Twitter is one of many social media companies that’s struggled to keep misinformation from running rampant on its platform over the years. Its latest attempt to move the needle looks to be a tiered warning label system that changes based on how wrong you are, according to app researcher Jane Manchun Wong.
So far, there are three levels of misinformation warning labels: “Get the latest,” “Stay Informed,” and “Misleading,” Wong tweeted on Monday. How accurate a tweet is determines if Twitter’s systems tack on one of these three labels, each of which includes a prompt directing users to additional information. Ostensibly, these would link to a Twitter-curated page or external vetted source, as is the case for Twitter’s covid-19 and U.S. presidential election misinformation labels.
Wong, who reverse engineers popular apps to uncover features still in development, shared a screenshot of her efforts experimenting with Twitter’s new system. For example, she tweeted, “Snorted 60 grams of dihydrogen monoxide and I’m not feeling so well now,” which triggered a “Get the latest” label with information about water.
When she tweeted, “In 12 hours, darkness will ascend in parts of the world. Stay tuned,” a “Stay Informed” label popped up prompting users to learn more about the concept of time zones. And when she tweeted, “We eat. Turtles eat. Therefore we are turtles,” Twitter slapped a “Misleading” label on her post, noting that it’s a logical fallacy.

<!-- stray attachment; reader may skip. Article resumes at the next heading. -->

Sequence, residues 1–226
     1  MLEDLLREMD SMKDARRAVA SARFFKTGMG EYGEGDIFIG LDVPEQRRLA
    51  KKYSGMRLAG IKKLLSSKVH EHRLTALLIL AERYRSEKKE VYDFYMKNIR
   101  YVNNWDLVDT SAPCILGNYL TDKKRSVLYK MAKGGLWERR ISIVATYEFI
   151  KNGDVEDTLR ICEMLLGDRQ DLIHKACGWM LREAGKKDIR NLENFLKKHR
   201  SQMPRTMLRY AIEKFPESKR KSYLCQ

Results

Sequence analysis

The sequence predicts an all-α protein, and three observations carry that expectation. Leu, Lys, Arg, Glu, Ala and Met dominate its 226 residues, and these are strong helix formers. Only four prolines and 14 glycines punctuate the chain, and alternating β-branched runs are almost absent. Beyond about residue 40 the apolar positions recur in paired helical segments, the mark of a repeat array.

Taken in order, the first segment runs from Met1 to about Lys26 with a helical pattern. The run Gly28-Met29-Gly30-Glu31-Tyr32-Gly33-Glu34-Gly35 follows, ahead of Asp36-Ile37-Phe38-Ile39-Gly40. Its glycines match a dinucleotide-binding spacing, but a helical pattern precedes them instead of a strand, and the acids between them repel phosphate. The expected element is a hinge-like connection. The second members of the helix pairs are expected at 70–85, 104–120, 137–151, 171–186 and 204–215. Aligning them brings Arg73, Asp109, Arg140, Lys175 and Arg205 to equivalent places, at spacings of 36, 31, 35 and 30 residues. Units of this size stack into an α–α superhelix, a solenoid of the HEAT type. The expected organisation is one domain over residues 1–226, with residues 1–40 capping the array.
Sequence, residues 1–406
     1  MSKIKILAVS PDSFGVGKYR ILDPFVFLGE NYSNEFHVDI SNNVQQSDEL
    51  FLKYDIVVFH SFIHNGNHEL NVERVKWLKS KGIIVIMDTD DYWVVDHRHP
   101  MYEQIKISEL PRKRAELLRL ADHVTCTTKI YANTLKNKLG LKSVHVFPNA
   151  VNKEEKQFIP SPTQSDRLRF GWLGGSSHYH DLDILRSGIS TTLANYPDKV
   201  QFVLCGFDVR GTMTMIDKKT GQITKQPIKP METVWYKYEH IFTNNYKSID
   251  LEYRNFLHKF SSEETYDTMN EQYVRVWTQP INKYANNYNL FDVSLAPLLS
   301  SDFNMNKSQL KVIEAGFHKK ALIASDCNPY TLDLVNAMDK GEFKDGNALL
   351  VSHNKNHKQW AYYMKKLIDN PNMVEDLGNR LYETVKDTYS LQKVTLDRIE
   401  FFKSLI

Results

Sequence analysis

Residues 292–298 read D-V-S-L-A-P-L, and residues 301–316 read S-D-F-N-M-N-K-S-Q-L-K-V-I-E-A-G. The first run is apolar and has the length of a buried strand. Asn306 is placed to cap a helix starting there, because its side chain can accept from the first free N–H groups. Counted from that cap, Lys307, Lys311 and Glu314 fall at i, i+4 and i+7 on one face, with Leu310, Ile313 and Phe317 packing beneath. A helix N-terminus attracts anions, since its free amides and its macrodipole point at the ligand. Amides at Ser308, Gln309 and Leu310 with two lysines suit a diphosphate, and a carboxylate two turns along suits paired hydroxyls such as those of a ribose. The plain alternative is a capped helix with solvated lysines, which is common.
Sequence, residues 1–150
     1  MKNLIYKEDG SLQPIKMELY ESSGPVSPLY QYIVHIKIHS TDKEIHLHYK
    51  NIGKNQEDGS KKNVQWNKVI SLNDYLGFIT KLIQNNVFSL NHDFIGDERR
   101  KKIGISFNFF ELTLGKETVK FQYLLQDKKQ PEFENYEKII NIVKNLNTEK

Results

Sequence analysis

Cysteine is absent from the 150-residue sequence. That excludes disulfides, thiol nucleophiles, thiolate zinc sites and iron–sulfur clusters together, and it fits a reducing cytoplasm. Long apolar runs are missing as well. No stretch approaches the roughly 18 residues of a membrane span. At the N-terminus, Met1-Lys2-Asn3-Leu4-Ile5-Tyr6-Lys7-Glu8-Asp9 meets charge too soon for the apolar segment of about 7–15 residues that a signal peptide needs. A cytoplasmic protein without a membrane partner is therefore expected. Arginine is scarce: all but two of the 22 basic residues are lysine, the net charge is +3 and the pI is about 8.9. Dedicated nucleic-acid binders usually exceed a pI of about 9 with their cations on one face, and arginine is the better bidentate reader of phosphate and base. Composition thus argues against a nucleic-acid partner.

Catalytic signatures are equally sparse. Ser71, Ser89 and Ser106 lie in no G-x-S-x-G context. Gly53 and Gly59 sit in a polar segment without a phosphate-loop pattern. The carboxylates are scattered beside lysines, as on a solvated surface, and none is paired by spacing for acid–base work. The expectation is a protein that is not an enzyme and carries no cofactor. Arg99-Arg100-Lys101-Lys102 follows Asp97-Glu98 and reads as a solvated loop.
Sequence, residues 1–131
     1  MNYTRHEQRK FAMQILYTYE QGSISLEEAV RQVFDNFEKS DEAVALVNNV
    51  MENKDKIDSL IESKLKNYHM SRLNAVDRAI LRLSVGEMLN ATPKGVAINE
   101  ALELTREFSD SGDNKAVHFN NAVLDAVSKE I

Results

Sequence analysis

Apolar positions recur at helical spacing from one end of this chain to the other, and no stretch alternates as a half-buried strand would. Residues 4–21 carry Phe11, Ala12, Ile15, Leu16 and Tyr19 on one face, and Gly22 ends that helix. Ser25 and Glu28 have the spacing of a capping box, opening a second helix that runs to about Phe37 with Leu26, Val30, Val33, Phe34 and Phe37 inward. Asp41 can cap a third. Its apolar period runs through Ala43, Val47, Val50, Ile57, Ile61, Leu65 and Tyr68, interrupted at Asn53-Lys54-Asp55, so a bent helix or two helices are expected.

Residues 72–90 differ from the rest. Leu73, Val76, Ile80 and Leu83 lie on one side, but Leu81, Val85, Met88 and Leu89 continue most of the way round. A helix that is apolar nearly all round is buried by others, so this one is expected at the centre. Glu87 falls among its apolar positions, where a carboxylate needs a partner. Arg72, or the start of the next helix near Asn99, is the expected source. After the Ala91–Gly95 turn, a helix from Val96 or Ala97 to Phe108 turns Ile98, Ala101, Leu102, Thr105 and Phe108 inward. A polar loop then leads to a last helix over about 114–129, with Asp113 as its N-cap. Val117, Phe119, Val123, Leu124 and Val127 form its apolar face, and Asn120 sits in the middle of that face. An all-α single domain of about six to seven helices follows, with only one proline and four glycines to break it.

This feature could help reduce the spread of misinformation, or at the very least provide important context for issues that may be too nuanced to fit in 280 characters. However, it does raise concerns about censorship, particularly given how we’ve seen social media platforms bungle moderating Palestinian voices in recent weeks amid the Israel conflict. Twitter’s algorithms have screwed up before, and there’s no arguing that mislabeling inconvenient truths as “fake news” could have lasting repercussions.
It’s unclear when this feature would launch—if it ever sees the light of day, that is—and whether there’d be consequences for users caught repeatedly posting misinformation. Twitter did not immediately reply to Gizmodo’s request for comment on Monday, but we’ll update this blog if we hear back.
And while all this remains technically unconfirmed for now, Wong’s research has accurately forecasted several Twitter developments in recent months, including the debut of a Tip Jar feature and relaunch of its long-dormant public verification program.
Between tackling potentially harmful covid-19 misinformation and curbing the spread of conspiracies about the 2020 presidential election, social media companies have rolled out a bevy of new features aiming to curb the spread of misinformation. This time last year, Twitter added a prompt that calls you out if you haven’t read an article before retweeting it. In January, it launched Birdwatch, Twitter’s community-driven approach to combating misinformation that relies on a small group of users from across the political spectrum to flag potentially misleading content.